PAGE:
Experimental environment

In this experiment, the performance of serial version, which runs on single core, is measured as a basis of comparison. Then, the number of core is increased to 8, 16, 32, and 64. Each compute node has two quad core 2.8Ghz Intel Xeon X5560 processors based on Nehalem architecture and 24GB DDR3 DRAM with 1333Ghz clock cycle[2].

Since each compute node has 8 cores, 8 compute nodes are required for 64 core job. parmfile.testml is used as an input file for experiment. The only change made to it for this experiment is that value of menu parameter is changed to ‘NO’ to be able to run it in batch mode on EOS and HYDRA[3][4][5].


Migrate keeps improving its performance up to 32 cores on both HYDRA and EOS[Fig.1].
[Figure 1]

However, with 64 cores, performance starts falling on HYDRA[Fig.2] and it does not perform better than 32 cores on EOS[Fig.3].
[Figure 2]

[Figure 3]

On EOS, 8 cores show 5 times faster than 1 core. There is almost no speedup between 32 and 64 cores. On HYDRA, 8 cores bring 4.5 times speedup compared to 1 core. 32 cores show best performance and 64 cores are a little bit slower than 32 cores.
[Figure 4]

Migrate runs more than twice faster on EOS than on HYDRA in general. With 8 cores EOS is about 3 times faster than HYDRA[Fig.4].



Monday, September 5, 2011

2011 Fall Short Course, Introduction to Unix/Linux

Fall 2011 class starts on Sep. 5 through Sep. 8 at Teague B013.

Date : Sep. 5(Monday) ~ Sep. 8(Thursday).
Time : 3PM ~ 5PM
Location : Teague B013

This short course will be held in computer room and each attendee will be able to access computer for hands-on lab session. It is highly recommended for all attendee to get your EOS login ID ready before the first day of class. EOS login ID is required for hands-on lab.

Introduction to Linux is a short course specifically designed for beginner to Linux/Unix system. It will cover basic concept of Linux and frequently used commands.

  • What is Linux/Unix?
  • File and Directory
  • Edit text file
  • Setup environment
  • Remote access
  • Process,Signal
  • I/O redirection,Pipe
  • Alias
  • Permission
  • Kernel & Shell

For detail,

Please, post a comment or feedback about this class. It would be helpful to improve the class.

Thanks you.

Sunday, August 28, 2011

Setting up dual monitor on Ubuntu 11.04 with NVIDIA

Several users have been complaining that global menu bar is disappeared after setting up dual monitor on Ubuntu 11.04. It happened to me as well. Finally, I found an alternative setting which is not exactly what I wanted, but, it gives me minimum functionality that I can accept.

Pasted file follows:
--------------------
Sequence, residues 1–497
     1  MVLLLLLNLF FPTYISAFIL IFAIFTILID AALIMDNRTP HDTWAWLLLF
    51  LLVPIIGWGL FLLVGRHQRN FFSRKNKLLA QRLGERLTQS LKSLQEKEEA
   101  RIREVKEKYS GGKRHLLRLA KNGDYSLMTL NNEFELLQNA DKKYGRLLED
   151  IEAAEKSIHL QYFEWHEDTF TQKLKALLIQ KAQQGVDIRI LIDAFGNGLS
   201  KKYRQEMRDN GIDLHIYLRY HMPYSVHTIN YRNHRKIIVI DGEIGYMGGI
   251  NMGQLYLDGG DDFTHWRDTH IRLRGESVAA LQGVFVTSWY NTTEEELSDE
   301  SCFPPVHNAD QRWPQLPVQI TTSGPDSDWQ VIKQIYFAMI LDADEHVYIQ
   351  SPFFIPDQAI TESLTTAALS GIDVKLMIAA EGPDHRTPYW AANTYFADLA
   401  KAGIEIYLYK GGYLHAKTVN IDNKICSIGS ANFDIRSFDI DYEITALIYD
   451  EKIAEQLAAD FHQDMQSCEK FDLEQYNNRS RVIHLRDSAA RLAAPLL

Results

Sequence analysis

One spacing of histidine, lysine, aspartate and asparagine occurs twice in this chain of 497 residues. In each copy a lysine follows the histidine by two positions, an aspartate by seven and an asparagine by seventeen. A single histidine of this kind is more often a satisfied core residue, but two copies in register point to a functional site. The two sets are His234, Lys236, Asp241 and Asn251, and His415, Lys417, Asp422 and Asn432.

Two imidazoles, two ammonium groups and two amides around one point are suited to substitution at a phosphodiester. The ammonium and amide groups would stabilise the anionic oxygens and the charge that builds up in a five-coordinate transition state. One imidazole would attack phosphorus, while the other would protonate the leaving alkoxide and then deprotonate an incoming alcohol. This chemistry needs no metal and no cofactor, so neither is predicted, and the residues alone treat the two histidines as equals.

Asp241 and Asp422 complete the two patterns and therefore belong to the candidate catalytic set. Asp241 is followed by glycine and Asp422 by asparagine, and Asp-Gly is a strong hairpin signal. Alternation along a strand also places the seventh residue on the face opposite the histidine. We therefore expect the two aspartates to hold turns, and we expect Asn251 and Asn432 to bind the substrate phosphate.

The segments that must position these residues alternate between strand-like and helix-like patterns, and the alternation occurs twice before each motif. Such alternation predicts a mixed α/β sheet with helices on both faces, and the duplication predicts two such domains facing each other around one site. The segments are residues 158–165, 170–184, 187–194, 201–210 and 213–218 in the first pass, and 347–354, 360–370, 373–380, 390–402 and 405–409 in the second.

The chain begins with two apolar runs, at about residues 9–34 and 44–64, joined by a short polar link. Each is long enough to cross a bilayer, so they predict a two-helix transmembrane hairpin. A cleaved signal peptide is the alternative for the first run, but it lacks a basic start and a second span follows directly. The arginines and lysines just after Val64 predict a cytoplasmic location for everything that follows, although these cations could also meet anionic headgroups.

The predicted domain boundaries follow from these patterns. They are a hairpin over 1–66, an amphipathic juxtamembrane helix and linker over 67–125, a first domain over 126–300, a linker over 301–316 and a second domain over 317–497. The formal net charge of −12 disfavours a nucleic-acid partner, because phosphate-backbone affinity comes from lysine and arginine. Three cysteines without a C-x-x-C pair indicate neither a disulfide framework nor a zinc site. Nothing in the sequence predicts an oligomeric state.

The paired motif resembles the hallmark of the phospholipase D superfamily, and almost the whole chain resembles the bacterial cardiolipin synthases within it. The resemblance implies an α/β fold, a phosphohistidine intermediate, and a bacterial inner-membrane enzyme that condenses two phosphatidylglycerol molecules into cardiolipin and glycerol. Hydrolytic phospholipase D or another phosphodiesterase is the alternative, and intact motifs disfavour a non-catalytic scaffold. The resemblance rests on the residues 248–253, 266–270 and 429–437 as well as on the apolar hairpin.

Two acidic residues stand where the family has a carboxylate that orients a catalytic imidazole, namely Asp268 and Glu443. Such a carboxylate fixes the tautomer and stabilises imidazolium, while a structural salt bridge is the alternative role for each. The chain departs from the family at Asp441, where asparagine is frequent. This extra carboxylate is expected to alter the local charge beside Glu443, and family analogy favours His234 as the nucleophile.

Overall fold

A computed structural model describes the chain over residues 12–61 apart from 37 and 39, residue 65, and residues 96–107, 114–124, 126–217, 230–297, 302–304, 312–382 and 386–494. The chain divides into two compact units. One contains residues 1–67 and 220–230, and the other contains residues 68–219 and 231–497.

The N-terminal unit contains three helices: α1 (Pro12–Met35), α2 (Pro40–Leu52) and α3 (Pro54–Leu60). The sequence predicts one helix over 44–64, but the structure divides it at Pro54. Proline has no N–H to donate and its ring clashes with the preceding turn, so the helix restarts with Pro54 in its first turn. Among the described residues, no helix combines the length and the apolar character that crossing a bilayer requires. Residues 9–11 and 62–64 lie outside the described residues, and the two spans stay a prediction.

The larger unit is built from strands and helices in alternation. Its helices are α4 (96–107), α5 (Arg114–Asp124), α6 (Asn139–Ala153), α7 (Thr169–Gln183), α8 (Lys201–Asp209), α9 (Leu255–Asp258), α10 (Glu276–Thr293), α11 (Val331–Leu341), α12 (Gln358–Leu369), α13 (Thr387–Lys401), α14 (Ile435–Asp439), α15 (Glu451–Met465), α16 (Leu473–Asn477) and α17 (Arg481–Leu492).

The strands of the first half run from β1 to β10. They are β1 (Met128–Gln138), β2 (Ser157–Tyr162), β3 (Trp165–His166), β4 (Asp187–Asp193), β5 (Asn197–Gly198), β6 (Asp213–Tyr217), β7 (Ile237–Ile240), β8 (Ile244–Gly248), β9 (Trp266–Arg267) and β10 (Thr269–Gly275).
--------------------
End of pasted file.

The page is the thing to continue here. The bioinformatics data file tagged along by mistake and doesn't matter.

Run 'NVIDIA X Server Settings' and make it look like these setup, then restart gdm.

Primary monitor
Secondary monitor

With this setting, you will get these features,

(1) dual monitors
(2) move windows across dual monitors
(3) global menu bar on each monitor*

I don't like (3). What I wanted is having dual monitor with global menu bar on primary monitor only. But, I couldn't find a solution for that.

After using this setup several days, I found out that having global menu bar on secondary monitor is actually very useful or must have feature. Global menu bar becomes application menu bar once application is launched on secondary monitor. So application menu bar resides close to application itself. Otherwise, you will end up with application menu bar on primary monitor and application on secondary monitor.

Let me know if you have better solution about this.


Monday, May 2, 2011

Compile libpng + pngwriter on IBM AIX 5.3

Compiling pngwriter, generally speaking, compiling any open source code with IBM compiler on IBM AIX machine is challenging. Sometimes, it only takes few minutes to build it, but, sometimes, it takes more than several days to figure it out that you could not use xlc to compile it in the first place because of compiler compatibility issue. Then, you might end up with gcc and, most likely, it's a snap.

pngwriter-0.5.4 requires libpng, but, avoid version 1.5.2(which is the latest version ATTOW) as much as possible. Instead, pick libpng-1.2.44 to be able to build it and afford going home tonight and have a dinner on time. :)

You will see only one error when you try to build it. Only one! What a day!

The error message is

"", line 1533.25: 1540-0217 (S) "__jmpbuf" is not a member of "struct png_struct_def".

pngwriter.h includes png.h for struct png_struct_def, then, along many other header files, /usr/include/sys/context.h is included. This is the reason why the error occurs. A macro to modify jmpbuf to __jmpbuf is defined in context.h and it actually modified it in line 1533 at, whereas the struct definition itself remains unmodified.

That's why it think '__jmpbuf is not a member of struct'. One easy solution is to move down the struct definition after context.h. By this way, jmpbuf in the struct definition also will be modified to __jmpbuf.

Moving down #include right before #include in pngwriter.h solves the problem and you should be able to build it without any error.

Good luck.